Several DVDs feature
Leonard Bernstein, but if you want to see and hear him playing
the piano, there’s only this one. While not as well known as
the last six concertos, No. 17 is in my view as fine as any
of them. A good choice, too, for a soloist who isn’t a concert
pianist; after all Mozart wrote it for a pupil, Barbara Ployer.
This means it isn’t as technically demanding as the concertos
Mozart wrote for himself yet still shows off the pianist’s talents.
And this is an accomplished
performance. Bernstein, here at the age of 63, plays and conducts
without score and you can appreciate his smiling enthusiasm
for the lightness of overall approach yet also verve of accent
where required. The wind players are unusually placed just for
this concerto on the far right of the stage, where they and
piano conductor can easily see one another. From the first movement
orchestral introduction the strings are sweet and stylish, with
an intimate feel even though the articulation in the passages
for full orchestra is suitably lively. The second theme (tr.
2 1:58) leans slightly to give its singing nature a soulful
touch. The piano’s entry is relaxed, smooth yet flowing. There’s
fastidious differentiation, as you might expect, between those
passages where the piano is accompanying the orchestra, e.g.
from 4:45 and where they are equal partners, as from 5:08.
realizes and always observes that the piano never dominates
the orchestra in this work. If its material or expression needs
special emphasis or clarity it has a solo. This doesn’t mean
he isn’t capable, where warranted, of firm chords and left-hand
work, as from 6:50. Yet by contrast he brings a lovely gentleness
to his statement of the third theme at 8:50. The sheer grace
of his playing at times is quite disarming. This is aided by
the cool tone of the Bösendorfer piano. His playing of Mozart’s
cadenza has by turns wistful reflection and melodic resilience.
In the slow movement
you notice the warmth of the strings, the freshness of the wind,
the affectionate approach and the easy, broad flow, albeit rather
more Adagietto than the marked Andante. One element
of the firm string bass is down to the rank of four double basses.
The aria style of the piano solo has both poise and contemplation,
though the showy ornament to the top E flat at tr. 3, 16:42
(continuous timing) is a distraction.
The joy of being
a piano conductor is wonderfully caught. Bernstein is able in
this role both to encourage expressiveness from the solo orchestral
wind players - in this instance a rising figure stated in turn
by bassoon, oboe and flute - and is then able to match it at
17:07 with the same emphasis and point on the piano. Immediately
after this his pianism achieves a lovely sotto voce against
whispering strings and in general the progress of this aria
is a blend of delicacy and tension. Accept that there is a tendency
lovingly to survey the trees and forget the wood and just enjoy.
The cadenza here is fully introspective.
The finale is light,
smiling and a demonstration of fine interplay between piano
and orchestra. Mozart’s starling, who could whistle its theme,
would have to do so very aristocratically in this company! In
the first variation (27:03) the piano solo is gentle and playful,
bolder in the second (27:46), in the third (28:28) of a more
frolicking nature, inspired and noticeably nifty in echoing
the woodwind. The fourth variation (29:22) is of a more clouded,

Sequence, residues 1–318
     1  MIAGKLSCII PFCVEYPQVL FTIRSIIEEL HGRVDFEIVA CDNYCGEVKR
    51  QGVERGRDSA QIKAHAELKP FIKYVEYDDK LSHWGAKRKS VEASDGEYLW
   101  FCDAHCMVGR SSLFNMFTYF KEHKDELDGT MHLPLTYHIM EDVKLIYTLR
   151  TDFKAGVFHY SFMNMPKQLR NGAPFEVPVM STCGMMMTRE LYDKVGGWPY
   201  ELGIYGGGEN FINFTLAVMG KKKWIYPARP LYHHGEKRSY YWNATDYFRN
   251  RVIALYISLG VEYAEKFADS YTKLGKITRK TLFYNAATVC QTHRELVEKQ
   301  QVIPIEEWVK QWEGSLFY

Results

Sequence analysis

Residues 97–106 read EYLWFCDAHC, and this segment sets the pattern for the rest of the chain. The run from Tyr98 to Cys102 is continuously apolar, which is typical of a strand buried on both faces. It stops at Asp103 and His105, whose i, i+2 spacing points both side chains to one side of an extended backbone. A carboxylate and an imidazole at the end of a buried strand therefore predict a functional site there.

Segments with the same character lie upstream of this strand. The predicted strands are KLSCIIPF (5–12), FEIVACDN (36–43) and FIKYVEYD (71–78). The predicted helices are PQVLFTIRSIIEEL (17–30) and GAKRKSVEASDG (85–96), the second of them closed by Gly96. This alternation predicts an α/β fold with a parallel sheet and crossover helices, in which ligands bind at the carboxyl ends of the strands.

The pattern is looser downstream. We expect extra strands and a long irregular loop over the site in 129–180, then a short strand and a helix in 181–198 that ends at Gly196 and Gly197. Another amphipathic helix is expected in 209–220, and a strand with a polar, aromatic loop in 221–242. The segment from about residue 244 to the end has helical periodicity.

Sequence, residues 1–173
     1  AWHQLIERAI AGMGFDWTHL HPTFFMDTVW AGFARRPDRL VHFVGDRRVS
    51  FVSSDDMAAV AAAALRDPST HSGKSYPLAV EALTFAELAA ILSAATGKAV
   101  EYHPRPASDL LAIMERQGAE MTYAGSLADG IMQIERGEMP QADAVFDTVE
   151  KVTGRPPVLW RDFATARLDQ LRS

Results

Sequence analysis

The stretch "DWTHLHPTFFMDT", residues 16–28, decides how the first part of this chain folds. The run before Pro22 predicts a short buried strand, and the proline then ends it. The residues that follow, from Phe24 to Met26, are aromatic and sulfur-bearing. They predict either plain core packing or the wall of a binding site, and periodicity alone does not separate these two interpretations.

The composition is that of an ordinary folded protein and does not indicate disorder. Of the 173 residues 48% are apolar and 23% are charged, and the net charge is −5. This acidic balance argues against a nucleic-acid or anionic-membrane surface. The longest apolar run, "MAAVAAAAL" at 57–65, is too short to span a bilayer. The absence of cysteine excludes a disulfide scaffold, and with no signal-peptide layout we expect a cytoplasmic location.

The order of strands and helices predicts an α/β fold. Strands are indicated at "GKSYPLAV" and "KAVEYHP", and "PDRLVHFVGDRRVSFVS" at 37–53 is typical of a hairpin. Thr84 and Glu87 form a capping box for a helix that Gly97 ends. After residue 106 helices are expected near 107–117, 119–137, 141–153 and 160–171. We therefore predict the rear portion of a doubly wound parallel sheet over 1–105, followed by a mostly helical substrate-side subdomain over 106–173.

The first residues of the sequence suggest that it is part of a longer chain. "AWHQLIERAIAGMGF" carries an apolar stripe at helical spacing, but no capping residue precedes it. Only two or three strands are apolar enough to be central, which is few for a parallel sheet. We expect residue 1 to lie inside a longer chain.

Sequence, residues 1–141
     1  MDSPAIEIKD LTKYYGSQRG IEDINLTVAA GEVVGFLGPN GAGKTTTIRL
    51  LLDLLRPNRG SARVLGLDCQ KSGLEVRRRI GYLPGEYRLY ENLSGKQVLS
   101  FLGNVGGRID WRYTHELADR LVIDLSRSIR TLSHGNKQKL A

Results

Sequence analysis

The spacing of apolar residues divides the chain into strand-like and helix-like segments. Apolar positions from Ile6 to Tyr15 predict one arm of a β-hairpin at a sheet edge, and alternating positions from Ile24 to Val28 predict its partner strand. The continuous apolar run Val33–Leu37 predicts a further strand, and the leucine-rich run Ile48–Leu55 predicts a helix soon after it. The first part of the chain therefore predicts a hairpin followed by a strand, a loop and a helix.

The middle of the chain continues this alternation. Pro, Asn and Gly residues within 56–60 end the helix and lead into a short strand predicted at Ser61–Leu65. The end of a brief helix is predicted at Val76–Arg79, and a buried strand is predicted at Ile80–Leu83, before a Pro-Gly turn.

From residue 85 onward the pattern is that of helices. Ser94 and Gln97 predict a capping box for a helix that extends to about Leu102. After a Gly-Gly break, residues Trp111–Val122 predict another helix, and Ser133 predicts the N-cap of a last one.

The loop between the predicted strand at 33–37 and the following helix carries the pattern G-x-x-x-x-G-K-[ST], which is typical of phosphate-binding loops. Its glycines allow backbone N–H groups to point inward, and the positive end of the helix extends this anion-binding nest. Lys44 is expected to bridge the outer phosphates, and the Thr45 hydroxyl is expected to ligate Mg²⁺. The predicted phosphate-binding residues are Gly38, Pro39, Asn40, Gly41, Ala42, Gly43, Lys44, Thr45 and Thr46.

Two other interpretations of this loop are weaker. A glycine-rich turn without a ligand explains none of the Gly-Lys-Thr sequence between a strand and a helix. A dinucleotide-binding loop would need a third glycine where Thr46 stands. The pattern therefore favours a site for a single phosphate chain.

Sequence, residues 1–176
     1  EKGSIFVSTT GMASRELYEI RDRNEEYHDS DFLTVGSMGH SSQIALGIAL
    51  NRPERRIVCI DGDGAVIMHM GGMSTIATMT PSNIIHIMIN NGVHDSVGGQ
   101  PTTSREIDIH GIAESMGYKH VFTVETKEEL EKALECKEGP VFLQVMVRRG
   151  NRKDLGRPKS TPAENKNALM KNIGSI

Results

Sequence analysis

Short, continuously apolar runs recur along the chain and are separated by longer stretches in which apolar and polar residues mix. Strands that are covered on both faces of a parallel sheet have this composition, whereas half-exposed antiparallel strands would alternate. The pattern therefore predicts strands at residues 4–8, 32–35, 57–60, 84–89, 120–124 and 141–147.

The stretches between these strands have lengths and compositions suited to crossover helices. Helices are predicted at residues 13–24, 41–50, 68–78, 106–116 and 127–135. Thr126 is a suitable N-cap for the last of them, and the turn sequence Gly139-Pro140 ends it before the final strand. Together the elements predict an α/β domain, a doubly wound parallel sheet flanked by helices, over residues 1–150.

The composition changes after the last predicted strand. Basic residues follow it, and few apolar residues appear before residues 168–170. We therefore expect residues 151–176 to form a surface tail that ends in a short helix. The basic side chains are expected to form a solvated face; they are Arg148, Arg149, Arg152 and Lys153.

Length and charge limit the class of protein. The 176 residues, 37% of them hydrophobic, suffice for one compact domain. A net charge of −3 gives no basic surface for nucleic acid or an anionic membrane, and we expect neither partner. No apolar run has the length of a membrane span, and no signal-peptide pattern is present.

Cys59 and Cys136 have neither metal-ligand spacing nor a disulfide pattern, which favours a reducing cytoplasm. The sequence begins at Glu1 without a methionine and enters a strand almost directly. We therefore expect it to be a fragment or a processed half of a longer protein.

musing nature, vividly contrasted by a slowing up of tempo.
The fifth variation (30:27) is resolute. The coda (31:56), which
at least starts very fast as marked, makes even more of a contrast
because of the preceding slowing up.
direction makes for a well balanced mix of pianist, conductor
and orchestral involvement. There are some particularly fine
shots of Bernstein’s hands, in the slow movement cadenza with
one rear angle shot almost from underneath them as they play.
I compared the only
other recording of this concerto currently available in the
UK, that by Dezso Ranki with the English Chamber Orchestra/Jeffrey
Tate (Brilliant Classics 92819). This is also from a concert
in Vienna, in this case the Austrian Imperial Palace at Schönbrunn,
a reminder that the work was written for that city. Here are
the comparative timings:-
Tate, aged 48, and
Ranki, who was 40 years of age in 1991, the copyright date of
the DVD, give us crisper, more streamlined Mozart. In the first
movement the singing lines are clear. The second theme is sufficiently
smooth but the momentum is kept up. There’s more edge to the
performance, partly because a smaller orchestra – only two double
basses on view here – can play with more attack without being
strident. The Hungarian pianist Ranki plays a Steinway piano
so his tone is more crystalline than Bernstein’s. He’s admirably
fluent but not as poetic as Bernstein. This is partly because
he seems less able to relax until, paradoxically and to very
pleasing effect, he gets to the cadenza.
He achieves a moving
inwardness in his solos in the slow movement and displays a
plainer, purer singing line than Bernstein’s. The clarity and
expressiveness of the ECO wind playing is also appreciable.
But generally Bernstein finds greater subtlety and nuance, partly
through a visibly and aurally closer relationship with the orchestra.
Ranki’s cadenza is, however, very successful though quite different
from Bernstein’s. Ranki’s is glistening and extrovert.
The finale finds
Ranki and Tate at their most engaging. The orchestral introduction
is witty in its pert pointing. Ranki shows stylish line in variation
1. The second variation is vivacious with a whiff of abandon
about it. In the fourth, not slower, Tate uses the minor key
to give a tinge of exotic colouring, not to change the tone
like Bernstein does. There’s the same mix of camera shots but
the camera work is less stylish than for Bernstein, perhaps
partly owing to the location. Sound quality is similar, both
DVDs being available in surround sound, but the Vienna Philharmonic’s
tone is richer and blend smoother. So all in all I find Bernstein’s
more leisurely performance more attractive.
The second item
on this DVD, Symphony 39, is essentially the same interpretation